Neighbourly cooperation and fluoride innovation: How a meeting at a cafeteria resulted in a project to improve fire safety

26. June 2019

Neighbourly cooperation and fluoride innovation

How a meeting at a cafeteria resulted in a project to improve fire safety

Erhard Kemnitz, Torsten Mehlhorn und Frank von Heyden im IGZ Adlershof © WISTA Management GmbH

Erhard Kemnitz, Torsten Mehlhorn and Frank von Heyden (from left to right) are not only company neighbours, but now also business partners. Credit: WISTA Management GmbH

Sometimes all you need to advance potentially life-saving innovations is a lateral thinker, two specialists, and a random meet-up at the cafeteria. A typical story from Adlershof.

They had been working on various floors of the Adlershof of the Innovation and Business Incubation Centre (IGZ) for years. As innovation manager at Stöbich technology GmbH, Torsten Mehlhorn is specialised on advancing new technologies and thoroughly enjoys the freedom to experiment and try new things. A few floors further up, Frank von Heyden and Prof. Erhard Kemnitz work at nanofluor GmbH, a start-up producing nano-scale metal fluorides, a new material created through its patented sol–gel process. ‘We didn’t know each other a few months ago,’ they say.

Everything changed through a random meet-up at the cafeteria, where Kemnitz was eating with Prof. Wolfgang Rehak. ‘He’s a full-on networker, who has often shown interest in nanofluor and has many ideas for the application of nanoscopic fluorides,’ he says. Fire safety was one of those ideas. At first, Kemnitz did not take it all that seriously. Fire safety was not a target market for fluorides, which was focused on anti-reflective coating for glasses and lenses, remineralising toothpaste, as well as adhesives and varnish solutions. All these products had improved their mechanical and optical properties by using nanoscale fluorides. The young company has several irons in the fire and is cooperating with researchers and developers all over the globe. ‘Finding ways into the market is taking longer than we anticipated when we founded the company,’ says von Heyden. In technical departments, nanofluour is all the rage. However, it takes considerable staying power and good contacts to convince the top-level decision makers.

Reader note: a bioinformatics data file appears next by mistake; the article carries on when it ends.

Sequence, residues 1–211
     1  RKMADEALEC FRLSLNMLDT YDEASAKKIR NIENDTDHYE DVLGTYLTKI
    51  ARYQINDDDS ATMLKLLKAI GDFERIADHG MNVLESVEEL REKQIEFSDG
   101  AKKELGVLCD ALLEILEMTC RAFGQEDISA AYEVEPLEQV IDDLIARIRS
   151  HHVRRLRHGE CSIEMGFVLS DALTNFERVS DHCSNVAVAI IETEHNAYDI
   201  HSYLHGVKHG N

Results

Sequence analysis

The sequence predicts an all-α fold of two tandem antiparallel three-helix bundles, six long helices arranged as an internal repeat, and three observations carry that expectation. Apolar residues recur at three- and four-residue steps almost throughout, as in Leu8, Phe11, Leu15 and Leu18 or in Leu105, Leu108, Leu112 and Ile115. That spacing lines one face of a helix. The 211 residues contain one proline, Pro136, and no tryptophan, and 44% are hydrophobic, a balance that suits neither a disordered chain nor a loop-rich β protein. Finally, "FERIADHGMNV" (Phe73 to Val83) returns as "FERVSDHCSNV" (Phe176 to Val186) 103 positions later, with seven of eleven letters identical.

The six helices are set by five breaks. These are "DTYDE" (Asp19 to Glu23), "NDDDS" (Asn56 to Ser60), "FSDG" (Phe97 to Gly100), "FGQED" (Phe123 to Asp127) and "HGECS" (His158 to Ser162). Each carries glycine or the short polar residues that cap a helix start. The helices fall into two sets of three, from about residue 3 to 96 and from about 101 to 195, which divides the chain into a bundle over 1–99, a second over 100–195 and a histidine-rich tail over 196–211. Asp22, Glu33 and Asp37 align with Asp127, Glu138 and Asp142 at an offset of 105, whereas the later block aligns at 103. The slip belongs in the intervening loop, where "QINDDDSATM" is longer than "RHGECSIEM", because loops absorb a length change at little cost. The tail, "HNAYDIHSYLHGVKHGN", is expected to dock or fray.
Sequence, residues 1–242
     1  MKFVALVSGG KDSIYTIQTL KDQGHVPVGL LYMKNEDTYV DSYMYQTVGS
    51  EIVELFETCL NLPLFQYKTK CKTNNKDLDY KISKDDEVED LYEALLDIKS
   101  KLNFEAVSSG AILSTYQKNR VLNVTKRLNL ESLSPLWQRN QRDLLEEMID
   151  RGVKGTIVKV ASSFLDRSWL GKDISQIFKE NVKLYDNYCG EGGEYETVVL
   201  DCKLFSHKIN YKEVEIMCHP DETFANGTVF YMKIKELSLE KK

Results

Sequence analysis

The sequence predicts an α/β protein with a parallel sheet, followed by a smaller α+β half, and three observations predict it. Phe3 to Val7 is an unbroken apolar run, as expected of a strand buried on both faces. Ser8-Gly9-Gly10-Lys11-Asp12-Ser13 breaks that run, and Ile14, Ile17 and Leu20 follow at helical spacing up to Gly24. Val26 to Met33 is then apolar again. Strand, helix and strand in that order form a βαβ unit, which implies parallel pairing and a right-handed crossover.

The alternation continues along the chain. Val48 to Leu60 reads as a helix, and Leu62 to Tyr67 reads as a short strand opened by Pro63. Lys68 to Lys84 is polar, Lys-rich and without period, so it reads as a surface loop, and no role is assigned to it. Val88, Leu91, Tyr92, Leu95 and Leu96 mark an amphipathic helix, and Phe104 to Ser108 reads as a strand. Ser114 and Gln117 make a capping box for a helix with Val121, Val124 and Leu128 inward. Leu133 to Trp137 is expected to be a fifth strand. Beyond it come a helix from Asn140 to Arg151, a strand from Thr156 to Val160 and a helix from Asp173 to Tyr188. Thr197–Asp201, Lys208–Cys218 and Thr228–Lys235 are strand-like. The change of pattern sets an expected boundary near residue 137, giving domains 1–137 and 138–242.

Rehak saw his friend Torsten Mehlhorn at said cafeteria and knew he was working on something related to fire safety. He pointed out that Mehlhorn was somebody worth talking to and introduced his acquaintances to each other. ‘When I heard that fluorides bind to atoms twice as strong as oxygen, that’s when I really started listening,’ Mehlhorn remembers. In fire safety, a material capable of fending off the threat of oxygenation, the saturation of textiles with oxygen, resembles a hole-in-one.

Rehak, the above-mentioned lateral thinker, was responsible for bringing the two specialists together. The benefits of the Adlershof community made sure that the idea was developed before going back into hibernation. ‘We went to the nanofluor lab, sprayed nano fluorides on fire safety textiles and materials, and simply fired the Bunsen burner at them,’ says Kemnitz. The result was staggering. Some of the textiles braved the flames up to five times longer than those without nano coating. They followed these experiments up with More tests under standard conditions and drew up a proof of concept. At first attempt, the nanoscale fluoride coating increased the resilience of fiberglass-based fire safety textiles by 50%.

‘According to German fire resistance standards, a material certified T120 must have a resistance duration of 120 minutes at 1.200 degrees Celsius,’ says Mehlhorn. ‘If we were able to push this to 180 minutes using nanocoating, this were a major improvement.’ In a worst-case scenario, lowering textile partition walls could protect buildings, such as exhibition centres, factories, or airports, against rapidly spreading fires. This facilitates light, large and fire-safe architecture. ‘The next step is nanocoating on a square-kilometre scale,’ says the fire expert. Tests to that effect are already underway. The business founders are currently exploring the integration of nanoscale fluorides into the original textile to replace subsequent coating. ‘We are still looking for the best configuration, but we are making very good progress,’ says Kemnitz. The fact that they are neighbours is a huge advantage. Neighbourly cooperation leading to fluoride innovation – this is typical for Adlershof.

By Peter Trechow for Adlershof Journal